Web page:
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Kenya is mobile cash king but Ghana and Rwanda lead in reach



Kenya remains the global leader in mobile banking, but its penetration lags Ghana and Rwanda, a new report shows.

The Mobile: Deeping Financial Inclusion But at a High Cost report shows that 72 percent of the banking population use their mobile phones to access their accounts, nearly three times the global average that stands at 25 percent.

This means that seven out of every 10 Kenyans are using their mobile phones to access their bank accounts for services to save or get loans coinciding with a change by the lenders and micro-financiers to adopt mobile and digital platforms that cut on operational costs.

Uganda is the closest to Kenya at 47 percent while Tanzania follows at 37 percent.

The average percentage of the banking population in the Sub-Saharan Africa (SSA) is 21 percent while globally the Americas that includes the US has 68 percent usage of the platforms, according to the report by Egyptian investment bank EFG Hermes.

“Although credit penetration across our focus countries in SSA continues to lag global levels, the use of mobiles to access financial services ranks our countries among the highest in the World,” reads the report.

Most of the consumers in the SSA countries, the report notes, can now access services such as opening of new accounts, applying for loans and making payments for utilities through the use of mobile phones, increasing financial inclusion.

However, despite Kenya leading in the use of digital and mobile banking, the country lags Ghana and Rwanda in mobile money penetration.

The survey shows that mobile money penetration in the West-African country stands at 152 percent of the adult population or nearly 41 million people followed by Rwanda with 142 percent. Kenya is third in the continent at 105 percent.

The percentage exceeding 100 means that some people have more than one line that has access to mobile money services.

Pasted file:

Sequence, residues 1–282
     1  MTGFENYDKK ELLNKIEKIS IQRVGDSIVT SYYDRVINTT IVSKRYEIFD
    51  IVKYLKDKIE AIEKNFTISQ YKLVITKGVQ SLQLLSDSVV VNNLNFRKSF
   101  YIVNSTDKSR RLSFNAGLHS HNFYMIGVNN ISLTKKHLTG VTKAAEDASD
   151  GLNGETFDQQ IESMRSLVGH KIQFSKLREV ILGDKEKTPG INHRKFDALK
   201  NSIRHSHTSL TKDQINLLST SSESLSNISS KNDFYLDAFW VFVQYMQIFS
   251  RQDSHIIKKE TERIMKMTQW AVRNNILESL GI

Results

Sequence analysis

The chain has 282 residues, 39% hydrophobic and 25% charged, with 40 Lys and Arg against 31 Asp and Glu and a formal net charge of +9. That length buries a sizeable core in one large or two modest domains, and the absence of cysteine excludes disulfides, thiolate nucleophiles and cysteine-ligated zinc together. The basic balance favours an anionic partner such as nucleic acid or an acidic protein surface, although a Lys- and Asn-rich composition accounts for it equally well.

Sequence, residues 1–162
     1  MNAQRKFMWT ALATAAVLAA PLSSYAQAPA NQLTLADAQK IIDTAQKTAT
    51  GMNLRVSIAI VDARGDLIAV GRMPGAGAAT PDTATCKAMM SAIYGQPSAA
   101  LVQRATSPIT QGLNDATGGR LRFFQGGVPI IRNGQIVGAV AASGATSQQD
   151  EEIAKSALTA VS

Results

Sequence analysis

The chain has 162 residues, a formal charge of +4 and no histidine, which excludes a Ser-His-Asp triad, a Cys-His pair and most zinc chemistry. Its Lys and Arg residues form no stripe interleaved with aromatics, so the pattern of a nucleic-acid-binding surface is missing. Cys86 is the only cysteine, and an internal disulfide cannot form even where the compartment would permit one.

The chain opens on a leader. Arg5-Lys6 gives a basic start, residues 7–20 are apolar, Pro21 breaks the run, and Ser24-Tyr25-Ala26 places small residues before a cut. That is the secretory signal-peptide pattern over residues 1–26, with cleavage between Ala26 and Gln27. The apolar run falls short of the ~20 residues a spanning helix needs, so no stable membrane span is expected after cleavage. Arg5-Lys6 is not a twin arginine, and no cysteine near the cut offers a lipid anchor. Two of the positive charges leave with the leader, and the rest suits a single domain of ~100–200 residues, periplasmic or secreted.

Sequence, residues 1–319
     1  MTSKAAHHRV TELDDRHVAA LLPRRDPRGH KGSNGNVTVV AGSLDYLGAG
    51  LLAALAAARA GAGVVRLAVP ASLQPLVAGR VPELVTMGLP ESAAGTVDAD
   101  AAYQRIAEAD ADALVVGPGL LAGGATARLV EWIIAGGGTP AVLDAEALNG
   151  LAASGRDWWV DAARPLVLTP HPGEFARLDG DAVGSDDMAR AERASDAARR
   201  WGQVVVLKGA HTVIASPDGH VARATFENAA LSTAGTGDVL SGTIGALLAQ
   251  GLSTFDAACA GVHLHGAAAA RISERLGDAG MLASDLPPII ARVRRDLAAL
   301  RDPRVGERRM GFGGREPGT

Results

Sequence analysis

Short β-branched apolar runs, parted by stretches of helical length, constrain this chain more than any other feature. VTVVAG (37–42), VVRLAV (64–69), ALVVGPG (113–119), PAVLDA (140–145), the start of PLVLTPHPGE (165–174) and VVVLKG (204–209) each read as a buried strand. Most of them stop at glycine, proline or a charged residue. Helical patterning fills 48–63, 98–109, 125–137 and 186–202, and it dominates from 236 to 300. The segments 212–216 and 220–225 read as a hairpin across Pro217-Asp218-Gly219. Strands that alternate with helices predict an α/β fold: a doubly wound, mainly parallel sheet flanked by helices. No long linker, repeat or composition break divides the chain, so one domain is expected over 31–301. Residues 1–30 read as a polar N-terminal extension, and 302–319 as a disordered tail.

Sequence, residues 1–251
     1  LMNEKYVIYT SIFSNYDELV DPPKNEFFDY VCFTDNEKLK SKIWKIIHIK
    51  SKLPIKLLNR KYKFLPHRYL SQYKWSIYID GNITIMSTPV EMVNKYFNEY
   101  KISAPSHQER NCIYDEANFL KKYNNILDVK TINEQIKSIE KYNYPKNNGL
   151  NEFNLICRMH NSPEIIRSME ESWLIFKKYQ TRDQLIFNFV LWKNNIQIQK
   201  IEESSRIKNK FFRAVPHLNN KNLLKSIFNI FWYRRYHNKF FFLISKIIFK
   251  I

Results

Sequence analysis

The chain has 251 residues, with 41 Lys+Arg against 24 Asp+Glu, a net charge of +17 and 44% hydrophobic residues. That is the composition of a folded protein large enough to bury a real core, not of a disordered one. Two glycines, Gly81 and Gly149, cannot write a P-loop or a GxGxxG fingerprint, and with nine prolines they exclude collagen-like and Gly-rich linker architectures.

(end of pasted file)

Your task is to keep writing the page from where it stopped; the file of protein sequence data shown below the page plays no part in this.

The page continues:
The high penetration of mobile and digital banking does not, however, match affordability with the report saying that most lenders charge disproportionately high tariffs.

The report shows that the cost of withdrawing and sending Sh500 ($5) on mobile banking is more than double the cost of sending Sh2,000 ($20) on M-Pesa in Kenya hurting financial inclusion for the majority of the population that is also footing an increased cost of basic services and amenities.

The 2019 Financial Access report shows that 87 percent of Kenya’s banking population has access to digital accounts while a further 87.9 percent has mobile money accounts, underlining Kenya’s widening financial inclusion.

“Significant growth in digital accounts ownership and registration was recorded in 2019 compared to 2016, reflecting high adoption of digital accounts,” said the 2019 FinAccess Report by the Central Bank of Kenya and the Kenya National Bureau of Statistics.

Some of the banking products offered by lenders through mobile phones include KCB M-Pesa, MCo-op Cash (Corporative Bank), M-Shwari, Eazzy loan, Timiza and HF Whizz by Housing Finance.

Banks have since 2016 been shifting to online and mobile platforms highlighting the trend where majority of their customers are driven by ease of access to banking services.

Kenya’s second biggest lender by market share Equity Bank in 2016 announced a freeze on opening new branches marking its shift from brick and mortar, joining other lenders in embracing the technology-driven trend.

“We have all witnessed how rapid adoption of mobile and other digital channels have transformed how people bank,” Equity Bank Group chief executive James Mwangi said in 2016.

Multinational Standard Chartered Bank in 2017 launched video banking where customers are served through video and audio links marking a further shift from traditional across-the-counter service offered by bank tellers.

The video banking technology allows a customer to talk with tellers from the comfort of their laptops or desk tops through a two-way streaming video connection.